A: 2 on the first and third base facade. The main scoreboard has the ability to provide captioning.
Comment: FedEx stadium has 2 captioning boards provided on each end of stadium and many plays are missed because you have to keep turning your head away from field to see captioning boards.
Reply: At new Yankee stadium, all seats face towards 2nd base so if captioning boards are located in sight of 2nd base, individuals will be able to see the field and the captioning boards.
Q: Will captioning be mixed case letters or all upper/lower case? Many attendees agree that captioning needs to be mixed case letters.
A: Follow-up on exact type of characters available on captioning board will be provided.
Q: Where will induction loops be provided?
A: An induction loop will be provided in conference center and at one window within the main ticket booth
Comment: All ticket booths should be provided with an induction loop.
Reply: Follow-up on the possibility of providing a loop at one ticket window at each main ticket distribution point in the new stadium will be provided.
4. Ticket Policy â€“ Dominic Marinelli, United Spinal Association
Two main ticket policy issues include:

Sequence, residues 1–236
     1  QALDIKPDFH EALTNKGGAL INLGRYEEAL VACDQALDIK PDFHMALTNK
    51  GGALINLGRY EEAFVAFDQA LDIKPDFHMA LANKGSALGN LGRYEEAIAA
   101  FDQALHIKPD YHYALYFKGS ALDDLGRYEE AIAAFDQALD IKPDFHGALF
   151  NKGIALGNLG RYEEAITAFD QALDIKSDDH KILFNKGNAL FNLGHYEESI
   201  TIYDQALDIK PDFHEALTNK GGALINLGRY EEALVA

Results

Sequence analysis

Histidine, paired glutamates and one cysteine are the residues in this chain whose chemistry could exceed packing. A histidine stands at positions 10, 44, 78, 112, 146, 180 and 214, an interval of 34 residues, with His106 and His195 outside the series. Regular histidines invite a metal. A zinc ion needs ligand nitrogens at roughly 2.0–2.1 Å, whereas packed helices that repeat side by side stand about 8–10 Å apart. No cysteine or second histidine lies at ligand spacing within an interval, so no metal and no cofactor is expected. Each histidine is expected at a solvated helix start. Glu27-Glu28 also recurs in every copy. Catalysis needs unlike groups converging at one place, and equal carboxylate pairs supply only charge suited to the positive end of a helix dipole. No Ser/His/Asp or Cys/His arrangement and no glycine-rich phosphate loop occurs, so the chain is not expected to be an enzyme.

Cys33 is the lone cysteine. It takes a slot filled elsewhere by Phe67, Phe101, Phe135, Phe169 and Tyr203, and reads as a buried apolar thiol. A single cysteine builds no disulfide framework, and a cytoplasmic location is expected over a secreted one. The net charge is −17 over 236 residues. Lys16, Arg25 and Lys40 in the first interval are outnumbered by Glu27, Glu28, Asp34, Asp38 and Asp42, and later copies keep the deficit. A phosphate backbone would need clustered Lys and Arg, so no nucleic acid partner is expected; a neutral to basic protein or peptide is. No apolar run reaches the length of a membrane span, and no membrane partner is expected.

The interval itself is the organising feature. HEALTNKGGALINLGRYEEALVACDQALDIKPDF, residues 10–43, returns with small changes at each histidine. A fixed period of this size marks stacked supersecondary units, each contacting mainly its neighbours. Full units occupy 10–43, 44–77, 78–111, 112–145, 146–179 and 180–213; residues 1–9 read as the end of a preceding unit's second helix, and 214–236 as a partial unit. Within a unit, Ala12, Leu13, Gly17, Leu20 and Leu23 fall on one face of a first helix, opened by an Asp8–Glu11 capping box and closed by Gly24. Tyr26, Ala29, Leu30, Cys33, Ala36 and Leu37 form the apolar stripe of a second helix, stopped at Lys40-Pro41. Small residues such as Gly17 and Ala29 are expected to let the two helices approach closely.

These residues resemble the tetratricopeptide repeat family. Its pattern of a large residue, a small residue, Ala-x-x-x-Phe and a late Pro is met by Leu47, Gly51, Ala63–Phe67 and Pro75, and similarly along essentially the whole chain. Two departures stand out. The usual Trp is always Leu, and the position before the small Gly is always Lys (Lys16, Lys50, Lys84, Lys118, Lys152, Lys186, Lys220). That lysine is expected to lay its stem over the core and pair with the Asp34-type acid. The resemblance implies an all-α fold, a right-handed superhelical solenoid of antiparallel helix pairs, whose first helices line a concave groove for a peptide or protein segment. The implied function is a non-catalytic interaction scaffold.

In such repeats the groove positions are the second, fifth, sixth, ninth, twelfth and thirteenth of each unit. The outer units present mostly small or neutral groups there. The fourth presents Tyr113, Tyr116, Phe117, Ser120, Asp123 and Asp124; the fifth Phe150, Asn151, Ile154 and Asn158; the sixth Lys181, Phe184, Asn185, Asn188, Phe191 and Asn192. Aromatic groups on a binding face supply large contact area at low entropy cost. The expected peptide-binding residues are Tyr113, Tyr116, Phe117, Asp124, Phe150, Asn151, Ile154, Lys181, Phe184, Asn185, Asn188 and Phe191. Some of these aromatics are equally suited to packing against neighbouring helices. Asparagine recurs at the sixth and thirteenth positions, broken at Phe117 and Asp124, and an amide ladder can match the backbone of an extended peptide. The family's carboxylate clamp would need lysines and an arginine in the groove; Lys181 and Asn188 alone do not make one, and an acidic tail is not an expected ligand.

1. Enforcement /ticket fraud
2. Accommodating other disabilities, other than individuals who use wheelchairs, in accessible seating locations, such as blind and visually impaired individuals.
â€¢ Accommodate service/guide dog
â€¢ Proximity of seats to field
â€¢ Unobstructed line of sight from seats
Proposal: Although new federal accessibility guidelines only require .5% of seating to be accessible, more then 1% of viewing locations within the new stadium will be accessible to achieve compliance with current city and federal accessibility standards.
Suggestion: Half of the accessible seats will be distributed as they are at the current Yankee Stadium, thereby satisfying federal accessibility requirements. The other half will be reserved for â€œclubâ€ members. Yankee fans can voluntarily join this free club â€“ in order to join, members will have to prove that they have a disability that would require them to be accommodated with accessible seating. This suggested ticket policy idea was provided to the U.S. Department of Justice independent of the new Yankee Stadium in August for their review/comments.
Comment: If any Yankee fans do not feel comfortable providing proof of disability, they can purchase accessible seating without joining club (like they currently do at the stadium). If people with hidden disabilities do not want to join the club as they would be viewing games in wheelchair spaces that will feature folding chairs, they can purchase the remaining 99% of seats available.